Strategies if Your Child or Teen is Being Bullied

Your child reporting that he or she is being bullied can be very upsetting. According to the Center for Disease Control, 19% of kids are victims of bulling on school grounds. Bullying can include physical and/or verbal confrontation, social exclusion and spreading harsh rumors; it can also occur through electronic and online technologies. Available evidence suggests that those who experience a pattern of being bullied experience significant mental health challenges (the same is often true among those who engage in a pattern of bullying). Among the children who are bullied low self-esteem and under socialization are common. In the animal kingdom predators prey on vulnerable members of the herd who can be found on the fringes or in isolation. This is often the case for children who are repeatedly bullied as well. If your child is experiencing a pattern of being bullied, or if any incidents of bullying are causing him or her distress, consider the following:

  1. Get expert assistance. An evaluation by a well qualified child mental health professional is usually a good idea, even if you are able to get the bullying to stop by other means. It is much better to understand any contributing problems, and to develop a plan for managing or fixing them, than it is to let a child or teen languish. To find a qualified professional near you click here.
  2. Consult with the school about the bullying. I’ve never met a teacher or school administrator who is willing to tolerate bullying. It is ideal to have this consultation with a child mental health professional at your side. The consultation can be used to reach a clear understanding about what has happened and to develop a plan for fixing things.
  3. Encourage your child or teen to travel with at least one friend as she or he travels from one location to another at school. As I implied above, bullying is much more likely to occur when a child or teen iis traveling solo. This step might involve inviting prospective friends over to your house in order to develop or to create friendships. If your child or teen cannot, or will not, name friend candidates her or his teacher(s) may be willing to do so.
  4. If your child or teen is a victim of cyber bullying consider first whether his or her online life is adaptive (please see my blog entries that cover monitoring online activity and internet addiction to help in this determination).
  5. If you know the parents of the alleged bully, and you have no clear reason to believe that they would be hostile, consider arranging to have them over to your home to discuss what everyone can to do garner wellness and peace. (In many instances it may be better to do #1 before this one so that a qualified mental health professional can help you to think through the issues, including how you want to manage the meeting.)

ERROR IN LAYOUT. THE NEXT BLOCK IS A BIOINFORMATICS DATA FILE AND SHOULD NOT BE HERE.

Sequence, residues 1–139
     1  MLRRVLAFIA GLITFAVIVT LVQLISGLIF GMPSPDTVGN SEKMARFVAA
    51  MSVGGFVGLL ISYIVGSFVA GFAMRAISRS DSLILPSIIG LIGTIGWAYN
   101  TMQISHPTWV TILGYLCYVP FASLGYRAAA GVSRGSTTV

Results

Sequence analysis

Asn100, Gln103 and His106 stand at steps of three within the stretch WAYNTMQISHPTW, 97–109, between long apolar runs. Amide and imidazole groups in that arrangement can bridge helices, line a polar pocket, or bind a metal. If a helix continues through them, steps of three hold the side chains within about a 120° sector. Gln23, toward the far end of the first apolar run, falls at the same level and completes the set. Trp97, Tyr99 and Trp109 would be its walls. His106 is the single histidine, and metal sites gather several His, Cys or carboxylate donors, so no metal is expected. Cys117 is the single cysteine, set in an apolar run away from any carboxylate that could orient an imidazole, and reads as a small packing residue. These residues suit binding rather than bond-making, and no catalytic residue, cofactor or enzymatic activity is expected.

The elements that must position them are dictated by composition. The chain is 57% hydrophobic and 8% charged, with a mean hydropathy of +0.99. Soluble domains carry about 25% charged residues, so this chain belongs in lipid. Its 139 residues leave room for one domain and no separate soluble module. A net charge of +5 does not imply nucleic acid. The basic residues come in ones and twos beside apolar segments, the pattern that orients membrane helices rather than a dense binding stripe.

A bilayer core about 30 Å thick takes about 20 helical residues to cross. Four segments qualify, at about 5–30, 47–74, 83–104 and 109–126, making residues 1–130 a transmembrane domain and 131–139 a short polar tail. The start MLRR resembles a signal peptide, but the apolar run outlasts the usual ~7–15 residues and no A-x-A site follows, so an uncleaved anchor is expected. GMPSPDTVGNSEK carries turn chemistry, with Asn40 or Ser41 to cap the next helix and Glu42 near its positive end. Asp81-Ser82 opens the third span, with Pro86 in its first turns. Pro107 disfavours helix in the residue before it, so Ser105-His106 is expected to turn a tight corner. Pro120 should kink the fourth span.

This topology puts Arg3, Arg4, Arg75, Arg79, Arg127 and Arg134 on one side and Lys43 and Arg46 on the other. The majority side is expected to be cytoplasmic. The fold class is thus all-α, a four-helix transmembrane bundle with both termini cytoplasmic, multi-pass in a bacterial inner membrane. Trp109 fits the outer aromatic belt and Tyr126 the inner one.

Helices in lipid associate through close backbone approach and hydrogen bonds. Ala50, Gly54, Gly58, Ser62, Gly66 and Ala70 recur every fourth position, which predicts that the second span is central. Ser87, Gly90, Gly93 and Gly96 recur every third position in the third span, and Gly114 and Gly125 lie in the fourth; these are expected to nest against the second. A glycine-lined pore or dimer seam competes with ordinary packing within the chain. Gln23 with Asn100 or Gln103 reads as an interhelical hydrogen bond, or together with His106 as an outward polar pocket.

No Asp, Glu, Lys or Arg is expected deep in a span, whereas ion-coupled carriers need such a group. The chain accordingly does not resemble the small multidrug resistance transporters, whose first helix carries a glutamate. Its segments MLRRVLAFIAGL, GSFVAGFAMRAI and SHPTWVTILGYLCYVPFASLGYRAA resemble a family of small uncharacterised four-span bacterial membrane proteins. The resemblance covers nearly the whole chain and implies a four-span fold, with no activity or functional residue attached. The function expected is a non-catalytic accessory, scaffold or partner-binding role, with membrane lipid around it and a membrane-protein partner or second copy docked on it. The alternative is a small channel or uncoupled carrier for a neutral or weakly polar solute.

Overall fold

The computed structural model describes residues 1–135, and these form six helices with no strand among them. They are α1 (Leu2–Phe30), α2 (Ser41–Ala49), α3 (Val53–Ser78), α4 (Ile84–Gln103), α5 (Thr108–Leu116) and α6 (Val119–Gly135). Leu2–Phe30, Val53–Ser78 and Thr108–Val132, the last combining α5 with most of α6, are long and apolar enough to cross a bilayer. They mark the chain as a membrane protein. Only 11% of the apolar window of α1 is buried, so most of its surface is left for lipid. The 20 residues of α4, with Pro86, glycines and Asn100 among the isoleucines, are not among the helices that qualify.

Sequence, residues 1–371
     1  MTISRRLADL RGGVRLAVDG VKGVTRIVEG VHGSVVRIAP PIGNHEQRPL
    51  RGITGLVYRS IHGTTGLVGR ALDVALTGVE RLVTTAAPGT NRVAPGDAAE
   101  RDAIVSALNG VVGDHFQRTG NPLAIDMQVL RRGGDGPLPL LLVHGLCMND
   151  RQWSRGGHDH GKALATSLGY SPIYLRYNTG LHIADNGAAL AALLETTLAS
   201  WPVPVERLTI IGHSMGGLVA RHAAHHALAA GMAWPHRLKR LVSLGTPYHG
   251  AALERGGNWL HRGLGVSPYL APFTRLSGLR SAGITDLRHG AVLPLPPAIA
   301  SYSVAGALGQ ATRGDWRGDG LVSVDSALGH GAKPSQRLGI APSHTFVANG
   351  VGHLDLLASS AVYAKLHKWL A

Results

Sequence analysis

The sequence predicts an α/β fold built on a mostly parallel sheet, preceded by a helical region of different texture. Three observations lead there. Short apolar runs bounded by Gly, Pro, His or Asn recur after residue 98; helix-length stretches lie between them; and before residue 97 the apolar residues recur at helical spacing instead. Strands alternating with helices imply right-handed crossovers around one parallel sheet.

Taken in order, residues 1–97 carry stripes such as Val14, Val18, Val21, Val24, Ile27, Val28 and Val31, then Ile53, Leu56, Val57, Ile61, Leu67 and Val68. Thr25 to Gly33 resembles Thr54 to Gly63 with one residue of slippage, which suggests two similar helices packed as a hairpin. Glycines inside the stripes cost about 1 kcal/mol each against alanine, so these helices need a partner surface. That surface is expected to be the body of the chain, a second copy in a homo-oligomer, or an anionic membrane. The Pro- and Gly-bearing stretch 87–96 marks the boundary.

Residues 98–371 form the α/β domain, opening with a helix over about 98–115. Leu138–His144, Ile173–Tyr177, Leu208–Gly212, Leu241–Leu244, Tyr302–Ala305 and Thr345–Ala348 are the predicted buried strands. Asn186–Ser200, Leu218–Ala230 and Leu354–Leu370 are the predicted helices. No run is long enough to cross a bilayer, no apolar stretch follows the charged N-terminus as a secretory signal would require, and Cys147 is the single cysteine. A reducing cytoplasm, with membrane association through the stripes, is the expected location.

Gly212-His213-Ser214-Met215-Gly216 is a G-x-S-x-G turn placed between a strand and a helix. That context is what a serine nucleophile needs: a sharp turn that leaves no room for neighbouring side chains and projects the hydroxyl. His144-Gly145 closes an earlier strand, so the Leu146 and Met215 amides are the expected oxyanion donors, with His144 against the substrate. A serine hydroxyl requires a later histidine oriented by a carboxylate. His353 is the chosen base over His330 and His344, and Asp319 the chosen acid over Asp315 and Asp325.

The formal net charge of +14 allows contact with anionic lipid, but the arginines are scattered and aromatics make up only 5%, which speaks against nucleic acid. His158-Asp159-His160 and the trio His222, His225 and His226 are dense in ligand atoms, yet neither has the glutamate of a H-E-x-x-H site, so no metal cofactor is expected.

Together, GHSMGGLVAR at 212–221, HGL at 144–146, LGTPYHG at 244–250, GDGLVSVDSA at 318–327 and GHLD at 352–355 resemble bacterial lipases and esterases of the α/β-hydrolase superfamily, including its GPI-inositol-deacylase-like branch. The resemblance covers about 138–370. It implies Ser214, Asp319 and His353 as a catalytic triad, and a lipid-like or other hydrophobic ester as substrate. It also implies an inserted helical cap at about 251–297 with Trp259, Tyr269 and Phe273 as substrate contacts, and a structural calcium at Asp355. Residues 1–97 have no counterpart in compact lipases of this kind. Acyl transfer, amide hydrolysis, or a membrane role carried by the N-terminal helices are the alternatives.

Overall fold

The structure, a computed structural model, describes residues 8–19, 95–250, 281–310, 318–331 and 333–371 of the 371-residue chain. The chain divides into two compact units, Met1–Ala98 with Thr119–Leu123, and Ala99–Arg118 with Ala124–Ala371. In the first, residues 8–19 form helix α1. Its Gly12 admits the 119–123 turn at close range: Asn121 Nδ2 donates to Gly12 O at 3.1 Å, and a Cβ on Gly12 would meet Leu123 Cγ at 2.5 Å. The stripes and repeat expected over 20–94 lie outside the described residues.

6. If your child has not discovered things that he or she is good at, or does not have regular access to activities that put such talents on display, I would make changing this a top priority. Please see Chapter Two of my book Working Parents, Thriving Families, to read about specific strategies for pulling this off.

Here also are three strategies that often are not advisable. Keep in mind that even a broken clock is right twice a day. So, just about any strategy has some chance of working. But, I am suggesting that the odds of the following working, independent of significant negative side effects, are probably low:

  1. Encouraging a child to be physically aggressive. Yes, there is reason to believe that assaulting a bully might cause him or her to retreat. But this teaches all sorts of unsavory lessons, risks school disciplinary action and can be excruciatingly difficulty for a child or teen to pull off.
  2. Succumbing to your child’s or teen’s plea for you to do nothing. If your child told you that mold was growing in his or her locker at school and you could tell that this was making him or her sick, would you adhere to his or her begging to not take action? Keep in mind that any number of different kinds of action may be in order (see above). What I believe is generally more advisable is to find out what your child or teen reasonably fears could happen if you initiated a plan for fixing the problem (e.g., retaliation by the bully, someone finding out that he or she is in counseling). You might then take steps to make the odds of such happening remote. (A consultation with a mental health professional is especially advisable if your child is insistent along these lines.)
  3. To view the problem as completely resolved if the only change the occurs is that a pattern of bullying stops. I think it is very important to a child’s or teen’s wellness to take steps to understand and to resolve the underlying issues that caused such a painful cycle to begin.


One Comment so far. Leave a comment below.
  1. Thank you for your good advice.

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